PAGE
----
When CommonName is installed and active in your (Windows) system some rather astounding conditions will be present. For one, the GUID (Global User Identity) of your system will not be Windows at all, since SETUPAPI.DLL, the main installer package for Internet Explorer, sets the CommonName CLSID as GUID! The name of the system, therefore, will be CommonName; not Windows.

    If CN is in any way altered so that SETUPAPI.DLL (and any of the other 8 or 9 infected dll's) should happen to have the CN CLSID removed, it is almost a foregone conclusion that you, the user-victim, will not be able to access System Restore. This is because SR apparently calls SETUPAPI.DLL in threading though the Windows registry, in order to access the restore archive. . . and if SETUPAPI.DLL has had its identity removed, well, it doesn't know who or what it is (poor thing) and can't answer the call.

    System Restore can still be accessed, of course from the All Programs/Accessories menu; but it's there in name only. Try setting a waypoint after deleting any of the CN GUID entries and you'll see what I mean. All you'll get will be endless popups advising that "System Restore is unable to blah blah" and that you must first restart Windows, etc. Believe me. . . restarts are a waste of time. And even if it DID work. . . all you'd be restoring would be CommonName!

    On installed-and-running OEM/bundled-version-2002 Windows XP systems, the user can verify whether his/her machine is infected with the CN parasite by entering the all-zeroes CLSID into a Windows search. Check the Advanced Options tab and type the CN CLSID into the lower box, leaving the top box blank. Ensure B4-hand that the option to reveal hidden files/folders is selected.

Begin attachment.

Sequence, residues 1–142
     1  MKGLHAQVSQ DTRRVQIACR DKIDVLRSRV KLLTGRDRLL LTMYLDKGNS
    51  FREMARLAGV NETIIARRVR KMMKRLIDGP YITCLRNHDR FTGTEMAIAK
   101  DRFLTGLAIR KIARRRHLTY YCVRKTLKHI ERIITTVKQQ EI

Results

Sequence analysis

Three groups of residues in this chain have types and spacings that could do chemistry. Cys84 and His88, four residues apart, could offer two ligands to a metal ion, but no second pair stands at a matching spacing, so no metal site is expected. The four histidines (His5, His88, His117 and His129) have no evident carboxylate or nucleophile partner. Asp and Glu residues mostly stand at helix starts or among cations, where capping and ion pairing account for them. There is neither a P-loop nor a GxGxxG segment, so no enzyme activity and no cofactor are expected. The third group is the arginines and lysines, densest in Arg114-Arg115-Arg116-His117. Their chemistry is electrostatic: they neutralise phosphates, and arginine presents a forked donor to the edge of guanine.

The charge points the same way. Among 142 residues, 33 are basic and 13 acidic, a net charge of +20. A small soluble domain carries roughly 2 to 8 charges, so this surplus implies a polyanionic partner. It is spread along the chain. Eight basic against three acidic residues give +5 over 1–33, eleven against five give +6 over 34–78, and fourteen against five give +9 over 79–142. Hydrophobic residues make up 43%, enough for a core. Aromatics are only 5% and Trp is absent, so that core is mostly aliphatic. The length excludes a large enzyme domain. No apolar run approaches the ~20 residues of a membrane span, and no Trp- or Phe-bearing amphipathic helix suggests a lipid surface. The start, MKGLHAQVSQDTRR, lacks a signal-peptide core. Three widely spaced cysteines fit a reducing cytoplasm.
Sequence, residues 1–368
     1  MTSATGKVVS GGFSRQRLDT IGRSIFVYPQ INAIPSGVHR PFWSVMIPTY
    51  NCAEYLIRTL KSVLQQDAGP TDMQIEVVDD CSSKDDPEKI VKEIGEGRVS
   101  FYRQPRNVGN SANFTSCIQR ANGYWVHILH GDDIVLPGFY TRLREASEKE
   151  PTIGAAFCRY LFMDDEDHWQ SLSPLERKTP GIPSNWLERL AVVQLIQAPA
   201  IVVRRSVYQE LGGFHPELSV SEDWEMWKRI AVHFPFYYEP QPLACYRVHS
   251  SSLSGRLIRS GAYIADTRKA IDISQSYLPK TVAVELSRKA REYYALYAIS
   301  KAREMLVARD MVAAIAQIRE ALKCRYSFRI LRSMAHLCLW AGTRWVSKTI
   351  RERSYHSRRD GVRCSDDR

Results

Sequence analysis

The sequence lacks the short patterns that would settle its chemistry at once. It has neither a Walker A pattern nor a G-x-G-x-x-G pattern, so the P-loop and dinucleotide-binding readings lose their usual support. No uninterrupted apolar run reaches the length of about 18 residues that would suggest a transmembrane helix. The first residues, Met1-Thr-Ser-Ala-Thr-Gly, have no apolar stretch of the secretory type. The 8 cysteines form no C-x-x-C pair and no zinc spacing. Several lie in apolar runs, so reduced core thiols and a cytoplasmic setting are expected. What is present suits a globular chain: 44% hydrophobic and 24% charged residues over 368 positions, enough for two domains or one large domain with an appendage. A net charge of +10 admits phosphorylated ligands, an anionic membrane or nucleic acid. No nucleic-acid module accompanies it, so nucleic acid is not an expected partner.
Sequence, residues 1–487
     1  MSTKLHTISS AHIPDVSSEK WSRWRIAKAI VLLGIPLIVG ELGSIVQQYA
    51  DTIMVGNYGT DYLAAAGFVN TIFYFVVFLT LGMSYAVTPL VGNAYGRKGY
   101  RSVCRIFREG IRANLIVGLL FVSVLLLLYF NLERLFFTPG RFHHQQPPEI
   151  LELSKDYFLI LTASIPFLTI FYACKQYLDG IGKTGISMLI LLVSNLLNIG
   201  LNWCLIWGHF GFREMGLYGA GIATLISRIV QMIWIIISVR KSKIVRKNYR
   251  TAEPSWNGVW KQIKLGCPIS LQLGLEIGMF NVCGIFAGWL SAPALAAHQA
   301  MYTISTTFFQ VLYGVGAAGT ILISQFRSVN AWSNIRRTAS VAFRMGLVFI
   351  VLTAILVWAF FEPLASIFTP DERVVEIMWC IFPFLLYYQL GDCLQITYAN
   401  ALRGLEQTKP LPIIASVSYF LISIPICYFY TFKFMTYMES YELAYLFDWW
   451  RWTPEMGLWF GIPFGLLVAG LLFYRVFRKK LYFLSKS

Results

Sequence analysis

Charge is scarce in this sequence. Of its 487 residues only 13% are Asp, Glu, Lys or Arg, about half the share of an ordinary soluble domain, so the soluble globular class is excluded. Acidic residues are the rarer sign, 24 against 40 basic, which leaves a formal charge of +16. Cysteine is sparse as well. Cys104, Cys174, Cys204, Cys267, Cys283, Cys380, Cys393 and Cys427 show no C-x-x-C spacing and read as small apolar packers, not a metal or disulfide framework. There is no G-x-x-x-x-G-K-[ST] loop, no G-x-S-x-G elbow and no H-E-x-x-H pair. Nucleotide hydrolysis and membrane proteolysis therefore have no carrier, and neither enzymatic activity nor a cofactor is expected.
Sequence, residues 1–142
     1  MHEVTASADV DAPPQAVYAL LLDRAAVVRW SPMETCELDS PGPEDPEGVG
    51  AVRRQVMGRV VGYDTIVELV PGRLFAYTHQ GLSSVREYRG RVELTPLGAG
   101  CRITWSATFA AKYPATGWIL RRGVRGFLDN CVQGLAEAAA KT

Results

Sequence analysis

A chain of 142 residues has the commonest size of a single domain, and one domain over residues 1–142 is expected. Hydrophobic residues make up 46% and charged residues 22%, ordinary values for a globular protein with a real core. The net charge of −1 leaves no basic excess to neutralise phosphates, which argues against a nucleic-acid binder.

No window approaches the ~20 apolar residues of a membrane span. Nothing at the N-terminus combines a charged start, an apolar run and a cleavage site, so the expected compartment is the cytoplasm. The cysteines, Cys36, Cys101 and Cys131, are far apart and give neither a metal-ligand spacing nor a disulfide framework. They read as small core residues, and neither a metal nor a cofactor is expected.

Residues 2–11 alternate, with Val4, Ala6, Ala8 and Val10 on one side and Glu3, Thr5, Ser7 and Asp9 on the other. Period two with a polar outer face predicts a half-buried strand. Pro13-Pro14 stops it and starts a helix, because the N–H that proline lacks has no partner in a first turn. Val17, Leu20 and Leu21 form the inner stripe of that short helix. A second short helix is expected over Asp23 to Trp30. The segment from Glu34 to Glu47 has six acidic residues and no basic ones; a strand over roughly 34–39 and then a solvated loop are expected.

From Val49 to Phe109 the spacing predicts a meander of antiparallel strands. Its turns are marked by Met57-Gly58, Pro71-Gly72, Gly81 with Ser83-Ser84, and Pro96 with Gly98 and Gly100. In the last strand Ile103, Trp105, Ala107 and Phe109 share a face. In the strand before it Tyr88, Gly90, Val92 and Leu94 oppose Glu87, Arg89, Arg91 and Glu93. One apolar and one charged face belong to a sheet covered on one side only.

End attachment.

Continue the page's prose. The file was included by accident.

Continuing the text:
A search for CN will normally take about 15 minutes, so please be patient. You may be (unpleasantly) surprised at what you uncover. Basically, any 'hit' at all on {00000000-0000-0000-0000-000000000000} means your machine is infected. As well, certain of the CN-infected files/folders in System32 and elsewhere will harbor the CommonName CLSID as GUID; but the catch is that Microsoft uses a font size and spacing in many instances that prevents discovery via normal methods. Very tricky, no? This, I've found, is so that CN can be "restored" to full-blown potency during a nice visit to the Windows Update server. Must protect those key installer files!

    But you'll come up with enough 'hits' in a search for CN using standard font and single-spacing (if CN is present) to at least set you straight on what you're dealing with.

    For the adventurous who have no fear of unca Billy's private **** (the Windows registry) just go Start> Run and type "regedit;" Enter. Collapse the five keys so that only the words "My Computer" are visible and click Edit> Find; then, in the box type the CN CLSID; Enter. CN installs to more than 30 locations in the Windows registry, usually to Event System, which is a massive, albeit bogus section dedicated to mining your personal data.

    Windows versions that shipped AFTER Q4 2002 will probably be free of CN, although OEM/bundled junque-ware almost always installs code we would never opt for were the choice ours to begin with.

    Forget about removing CN from an infected system. A wipe and reinstall using premium media is the best alternative, IF you're determined to go the Windows route. Believe me. . . I've been there.

    This is the high price we pay for discounted media.

    Don't get me started on the price of Microsoft's treachery.